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Thursday, September 28, 2017 by Finn
Pastor Jamal H. Bryant of Empowerment Temple AME Church in Baltimore, Md., says that Ebony magazine has apologized after he openly rebuked the African-American publication for reporting a rumor that the charismatic minister had impregnated a 17-year-old member of his congregation in 2007.
Bryant, 41, had taken the magazine to task in an open letter and said that "a hole" had been left in his heart after the rumor was published in the "Scandalous!" section of Ebony's March 2013 issue, which hit newsstands earlier this month.
"Thankfully Ebony magazine expressed a verbal apology as well as a written statement of clarification – which Dr. Bryant has accepted," Nicole S. Kirby, Pastor Bryant's public relations director, shared on Monday with The Christian Post.
Ebony's March 2013 issue, which features "Scandal" star Kerry Washington on the cover, stated in its paragraph-long brief that the "charismatic, flashy pastor" was accused of extramarital affairs, "including one rumor that he impregnated a 17-year-old church member." The publication noted that Bryant's wife at the time, Gizelle, filed for divorce in 2008 after nearly six years of marriage. The couple share three children, while Bryant has another child previous to his marriage.
Pastor Bryant chastised the publication in an open letter shared online Friday.
"For 67 years Ebony Magazine has been the drum beat for culture in the African American community. John Johnson its beloved founder dedicated his life to safe guarding our image with great integrity," said Bryant in the letter titled "PASTOR JAMAL BRYANT REBUKES EBONY."
"On page 124 they published that it's alleged I impregnated a 17-year-old member of my church. This accusation is categorically and completely untrue. To publish this with absolutely no source lends itself to reckless endangerment to my children, my congregation and my community. Ebony is not the National Enquirer. A higher standard is required and the statement jeopardizes my ministry to the youth in my church and community," the Maryland pastor added.
Within 24 hours of Bryan'ts open rebuke, Ebony admitted in an online statement that it "published the outrageous allegation as it was scandalous, not because it was confirmed."
"Our 'Scandals' package in the March 2013 issue is meant to be a look at some of the more outrageous accusations and events in African-American culture," the magazine said in its statement shared Saturday. "With this particular story, we examined actual incidents as well as reported rumors which have captured the attention of our community throughout the years. In some cases, the allegations were never verified; however, the very fact that they went public constituted scandal."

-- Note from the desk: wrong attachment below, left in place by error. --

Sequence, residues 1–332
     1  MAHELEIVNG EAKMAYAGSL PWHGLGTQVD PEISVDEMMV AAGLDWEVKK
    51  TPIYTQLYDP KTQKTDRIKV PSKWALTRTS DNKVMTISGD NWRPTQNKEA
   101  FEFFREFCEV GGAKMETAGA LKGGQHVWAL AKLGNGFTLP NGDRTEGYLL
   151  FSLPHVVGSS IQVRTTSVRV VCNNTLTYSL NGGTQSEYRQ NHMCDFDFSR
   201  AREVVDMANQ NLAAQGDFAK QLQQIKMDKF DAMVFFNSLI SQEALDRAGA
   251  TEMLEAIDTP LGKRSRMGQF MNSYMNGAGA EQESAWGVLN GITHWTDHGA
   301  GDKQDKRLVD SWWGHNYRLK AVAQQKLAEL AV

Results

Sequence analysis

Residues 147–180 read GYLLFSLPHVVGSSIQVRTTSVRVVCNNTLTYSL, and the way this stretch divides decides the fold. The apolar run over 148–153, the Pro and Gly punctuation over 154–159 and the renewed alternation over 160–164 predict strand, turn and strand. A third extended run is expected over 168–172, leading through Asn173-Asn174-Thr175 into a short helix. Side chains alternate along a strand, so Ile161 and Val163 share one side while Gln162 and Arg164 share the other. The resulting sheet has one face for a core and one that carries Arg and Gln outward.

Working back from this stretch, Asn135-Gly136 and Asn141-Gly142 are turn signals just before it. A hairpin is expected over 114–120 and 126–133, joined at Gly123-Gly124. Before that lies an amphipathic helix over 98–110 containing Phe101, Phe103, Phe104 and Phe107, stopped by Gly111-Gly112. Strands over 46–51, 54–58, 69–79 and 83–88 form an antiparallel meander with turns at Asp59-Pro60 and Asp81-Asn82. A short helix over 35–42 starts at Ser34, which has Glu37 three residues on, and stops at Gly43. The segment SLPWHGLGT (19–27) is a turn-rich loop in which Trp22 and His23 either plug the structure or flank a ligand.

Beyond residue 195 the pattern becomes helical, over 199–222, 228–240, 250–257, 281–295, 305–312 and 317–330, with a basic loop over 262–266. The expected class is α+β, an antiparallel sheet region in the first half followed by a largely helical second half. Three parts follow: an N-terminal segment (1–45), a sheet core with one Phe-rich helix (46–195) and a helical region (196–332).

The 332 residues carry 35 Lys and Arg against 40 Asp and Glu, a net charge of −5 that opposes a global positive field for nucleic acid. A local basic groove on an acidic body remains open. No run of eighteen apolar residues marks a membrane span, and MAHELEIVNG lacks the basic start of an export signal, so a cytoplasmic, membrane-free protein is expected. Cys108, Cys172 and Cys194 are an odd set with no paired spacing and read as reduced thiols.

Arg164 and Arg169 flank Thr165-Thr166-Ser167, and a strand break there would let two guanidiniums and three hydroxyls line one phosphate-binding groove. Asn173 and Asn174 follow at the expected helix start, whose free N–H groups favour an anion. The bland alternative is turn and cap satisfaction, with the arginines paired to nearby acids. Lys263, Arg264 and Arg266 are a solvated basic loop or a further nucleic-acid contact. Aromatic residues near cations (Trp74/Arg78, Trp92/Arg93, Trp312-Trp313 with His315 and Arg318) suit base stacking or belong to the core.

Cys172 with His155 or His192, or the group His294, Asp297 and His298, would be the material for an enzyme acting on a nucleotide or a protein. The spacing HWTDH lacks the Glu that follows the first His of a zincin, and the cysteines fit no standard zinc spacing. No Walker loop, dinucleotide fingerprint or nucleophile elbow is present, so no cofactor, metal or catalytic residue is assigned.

"We understand that Dr. Jamal H. Bryant is now getting inquiries regarding a rumor we referenced in the magazine. We published the outrageous allegation as it was scandalous, not because it was confirmed. We did not intend to offend Dr. Bryant, and hope that our readers understand the spirit in which the editorial comment was presented," Ebony's statement concluded.
Pastor Bryant had demanded that Ebony make a retraction on "moral grounds." Although the African Methodist Episcopal Church minister acknowledged that he "participated in an extramarital affair" in 2007, he insisted in his letter that no minors were involved. He added that his own "minor children have been affected" and that he doesn't want them "to have to live through any further unnecessary pain."
Bryant, who spoke with The Christian Post last month about his friendship with retired NFL player Ray Lewis and the scandal surrounding his career, pointed to Matthew 18:15 in his open letter. The verse reads: "If your brother sins against you, go and tell him his fault, between you and him alone. If he listens to you, you have gained your brother."
"I solicit your continued prayers for my family, forgiveness for myself and accountability from Ebony magazine," he concludes, signing the statement "Flawed but faithful. I remain, Jamal- Harrison Bryant (A Father and Pastor)."
Bryant founded the Empowerment Temple AME Church in 2000, and the Baltimore congregation is comprised of 8,000-10,000 members.
Ebony, which boasts a circulation of 1,450,000, dubbed its most recent issue the "real-life Scandal Issue" and reported snippets on court cases, secret affairs, shocking divorces and drug addictions in politics, sports, religion and other sectors of society. The March 2013 issue features "Scandal" star Kerry Washington on the cover.
The Christian Post previously reported on Ebony drawing attention to its "Scandal Issue" with its feature on the controversy surrounding the 2011 passing of Florida megachurch pastor Zachery Tims and speculation that drugs may have played a part in his sudden death. Riva Tims, Pastor Tims' ex-wife, told the publication that her former husband had a lifestyle of drug abuse.